Today, March 28, 2012, is the final day of Supreme Court oral argument on ObamaCare. Today the Court will consider two issues: (1) whether the individual mandate (requiring Americans to buy health insurance from private companies for the rest of their lives or pay annual penalties) is severable from the rest of ObamaCare and, if not, whether the Court should invalidate the entire law; and (2) whether the Medicaid expansion is constitutional.
The Court will devote one and one-half hours of oral argument to the severability issue during its morning session and one hour of oral argument to the Medicaid issue during its afternoon session.
The individual mandate is the lynchpin of ObamaCare. The federal government has conceded in court that the individual mandate is the essential component of ObamaCare's regulation of the health insurance and health care markets. Congress clearly would not have passed ObamaCare without the individual mandate. Thus, once the Court determines that the individual mandate is unconstitutional, as it should, the Court should not sever the mandate from ObamaCare. Absent the individual mandate, the remaining provisions of ObamaCare cannot function properly, and the Court should invalidate all of ObamaCare.
The American Center for Law & Justice ("ACLJ") filed an amicus brief on the severability issue on behalf of itself, 117 Members of the United States Congress, and more than 103,000 supporters of the ACLJ's efforts to overturn ObamaCare. You can access that brief here.
Medicaid is supposed to be a cooperative program between the federal and State governments to pay medical and health-related expenses for low-income individuals. Traditionally, State governments have had flexibility on how to administer their programs, which they themselves manage.
Through ObamaCare, the federal government has reorganized Medicaid to compel States to add millions of additional people to their Medicaid roles, which will greatly increase the costs to each State.
Our Constitution embraces the concept of federalism and gives the federal government only limited, enumerated powers, while the rest of the powers are retained by the States and the people. Under our Constitution, the federal government lacks the power to directly require the States to comply with these new Medicaid requirements.
As such, in ObamaCare the federal government has used its spending power to indirectly require States to comply with the expansion of Medicaid. This indirect compulsion, however, is indirect in name only because the States have no choice but to comply. If any State refuses to accept the reorganization of Medicaid and the associated additional costs to that State, the federal government can withhold all federal Medicaid funding it provides to that State, thus putting the entire Medicaid financial burden on that State.
In 2009, the federal government provided States with more than $250 billion in Medicaid funding. It is obvious that the threat to withhold all Medicaid funding will force each State to comply with the new Medicaid requirements.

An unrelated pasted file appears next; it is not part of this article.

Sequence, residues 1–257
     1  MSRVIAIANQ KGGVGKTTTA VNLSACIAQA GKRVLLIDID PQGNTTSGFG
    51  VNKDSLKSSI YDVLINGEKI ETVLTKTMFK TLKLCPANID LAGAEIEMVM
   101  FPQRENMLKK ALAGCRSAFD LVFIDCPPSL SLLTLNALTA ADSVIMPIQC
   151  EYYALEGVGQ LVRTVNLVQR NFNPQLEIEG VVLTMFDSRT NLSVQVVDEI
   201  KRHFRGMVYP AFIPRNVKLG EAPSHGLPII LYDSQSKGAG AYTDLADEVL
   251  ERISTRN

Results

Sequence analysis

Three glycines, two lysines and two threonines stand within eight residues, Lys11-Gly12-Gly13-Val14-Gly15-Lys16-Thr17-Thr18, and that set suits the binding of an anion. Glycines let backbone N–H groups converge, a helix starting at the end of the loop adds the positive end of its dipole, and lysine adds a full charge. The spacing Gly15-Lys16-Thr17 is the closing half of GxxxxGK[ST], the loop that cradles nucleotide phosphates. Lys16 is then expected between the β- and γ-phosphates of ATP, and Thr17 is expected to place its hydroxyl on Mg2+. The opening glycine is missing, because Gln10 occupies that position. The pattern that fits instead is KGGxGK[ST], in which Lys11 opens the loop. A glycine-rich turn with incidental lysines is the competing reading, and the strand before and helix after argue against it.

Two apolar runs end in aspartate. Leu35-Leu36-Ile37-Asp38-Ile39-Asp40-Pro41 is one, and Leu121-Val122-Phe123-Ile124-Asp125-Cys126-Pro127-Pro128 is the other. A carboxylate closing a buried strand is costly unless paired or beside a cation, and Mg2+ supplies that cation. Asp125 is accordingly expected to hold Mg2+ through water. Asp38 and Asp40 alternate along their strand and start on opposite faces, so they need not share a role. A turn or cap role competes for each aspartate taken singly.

To paraphrase Don Corleone from The Godfather, the federal government has made the States an offer they cannot refuse.
The Court will consider whether the federal government is permitted to coerce the States in this way. In the final analysis, the Court should rule that the Medicaid expansion in ObamaCare is unconstitutional. If it does not, the Court will be allowing the federal government to use its spending power in a way that destroys the concept of federalism. The federal government will be able to use its spending power without limits, and the powers that belong to the States under our Constitution will be subverted.
The audiotape of the severability oral argument will be available this afternoon on the Supreme Court's website by 2:00 p.m. eastern time, and the audiotape of the Medicaid oral argument will be available today by 4:00 p.m. eastern time. You can access the Court's website here.
For more information about the options the Court has in resolving the ObamaCare case, read my previous post here.
Regarding the severability issue, it is clear from today’s oral argument that the Justices understand that they have three options should a majority of them rule the individual mandate unconstitutional: (1) decide that the individual mandate is severable, which means the rest of ObamaCare would remain in effect; (2) decide that some, but not all, of ObamaCare must be invalidated along with the mandate; or (3) decide that the individual mandate is not severable and all of ObamaCare must be invalidated.
Regarding the Medicaid expansion issue, some of the Justices appeared concerned about where the line should be drawn to limit the federal government’s use of its spending power so that it does not become coercive to the point of violating the rights of the States.
This is an understandable concern. Under our Constitution, the federal government is only supposed to have limited, enumerated powers. The rest of the powers remain with the States and with the people. As the Ninth Amendment to the Constitution states: “The enumeration in the Constitution, of certain rights, shall not be construed to deny or disparage others retained by the people.” And, according to the Tenth Amendment: “The powers not delegated to the United States by the Constitution, nor prohibited by it to the States, are reserved to the States respectively, or to the people.” In our view, the Medicaid expansion, as with the individual mandate, exceeds the limits of federal power.
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